Not surprisingly to security experts, the Equifax hack was likely caused by the two most common errors a company can make. The surprising part is that a massive organization who has a tremendous risk of attack would be so lax in their security.
One of the best articles I’ve read appeared in today’s Wall Street Journal. (We’ve Been Breached: Inside the Equifax Hack, September 18, 2017) I suspect there will be more information to come and definitely inquiries by a number of governmental agencies.
The two common security mistakes even big businesses make:
- Failing to update your platform software.
- Failing to enforce your employee password policies.
These two mistakes could be the downfall of a massive company whose entire reputation and most of their revenue is based on the safeguarding of personal data.
Take Security Updates Seriously, Patching Protocols
Cisco Systems provided much of the server software used by Equifax Inc. On March 8 the Cisco security team reported an online security gap in their software to their customers. At the same time they urged users to patch the software immediately and provided the security fix.
More than two months later, from mid-May until July 30, hackers had access to data using this security flaw on servers that had yet to be patched. It’s hard to tell whether the security patch had been implemented partially or not at all, but regardless, with the amount of time elapsed and the importance of security to this firm, there should’ve been no opportunities for the breach.
Employee Password Policies Must Be Enforced
If this security flaw was known, why wasn’t it all over the news? Well, most security flaws are very tiny, and they are very difficult to detect let alone understand how to use them. Every software has some potential security flaws, and security companies as well as hackers are constantly searching for them.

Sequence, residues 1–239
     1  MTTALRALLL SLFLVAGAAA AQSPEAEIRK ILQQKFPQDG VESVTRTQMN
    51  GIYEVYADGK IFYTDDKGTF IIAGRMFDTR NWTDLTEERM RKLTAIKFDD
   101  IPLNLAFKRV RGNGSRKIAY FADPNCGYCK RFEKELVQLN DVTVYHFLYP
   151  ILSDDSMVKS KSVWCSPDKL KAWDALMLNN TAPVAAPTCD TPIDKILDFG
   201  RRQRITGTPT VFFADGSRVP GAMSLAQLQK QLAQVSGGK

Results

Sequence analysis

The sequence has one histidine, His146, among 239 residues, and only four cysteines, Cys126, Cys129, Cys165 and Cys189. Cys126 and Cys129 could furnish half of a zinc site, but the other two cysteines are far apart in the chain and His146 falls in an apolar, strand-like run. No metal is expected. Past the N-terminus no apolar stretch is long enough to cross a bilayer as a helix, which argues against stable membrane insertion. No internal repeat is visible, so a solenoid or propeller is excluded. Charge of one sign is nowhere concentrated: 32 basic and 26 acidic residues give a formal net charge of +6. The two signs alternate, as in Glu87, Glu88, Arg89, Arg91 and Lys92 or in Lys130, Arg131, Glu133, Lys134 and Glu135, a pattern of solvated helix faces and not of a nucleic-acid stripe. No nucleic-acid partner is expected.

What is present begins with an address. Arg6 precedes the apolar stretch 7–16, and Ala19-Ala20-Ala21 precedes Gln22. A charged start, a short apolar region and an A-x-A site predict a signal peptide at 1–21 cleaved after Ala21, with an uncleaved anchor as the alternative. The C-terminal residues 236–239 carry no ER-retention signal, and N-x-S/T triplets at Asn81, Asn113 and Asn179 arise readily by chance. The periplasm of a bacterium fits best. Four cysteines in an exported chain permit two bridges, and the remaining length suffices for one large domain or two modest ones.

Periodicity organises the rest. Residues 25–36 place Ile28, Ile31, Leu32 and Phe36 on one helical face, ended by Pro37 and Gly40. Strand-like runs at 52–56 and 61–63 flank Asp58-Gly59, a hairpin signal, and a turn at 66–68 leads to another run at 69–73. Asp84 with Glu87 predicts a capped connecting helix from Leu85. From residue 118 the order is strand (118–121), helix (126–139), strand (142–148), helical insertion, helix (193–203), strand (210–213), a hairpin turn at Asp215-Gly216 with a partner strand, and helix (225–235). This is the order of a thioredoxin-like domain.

Most security flaws aren’t inside easily accessible areas such as your company website. Therefore, gaining access to critical data often means attacking a much more vulnerable target, your employees.
In the case of Equifax Inc., apparently a high-level user account (known as an admin, or administrator) was using the default username/password combination (admin/admin).
I’m certain that Equifax has a password policy for all employees. Unfortunately, often the highest level employees are the ones that write these policies and are responsible for policing them. In no circumstances should an administrator account ever use the password “admin”. It boils down to ease-of-use and/or employee laziness.
Hackers depend on laziness. They make their bread-and-butter, not by knocking over armored trucks, but by wandering through the parking lot at the mall checking for unlocked cars.
In this case, Equifax left their armored truck unlocked with the keys in the ignition.
This is the first in a three-part series on data security.
Next week we will examine how Mediastead protects its clients from potential data breach, and how they can further protect themselves.
The following week we will take a hard look at your employees. We will show you the importance of using secure employee passwords and actively policing those protocols.
Until then, stay secure.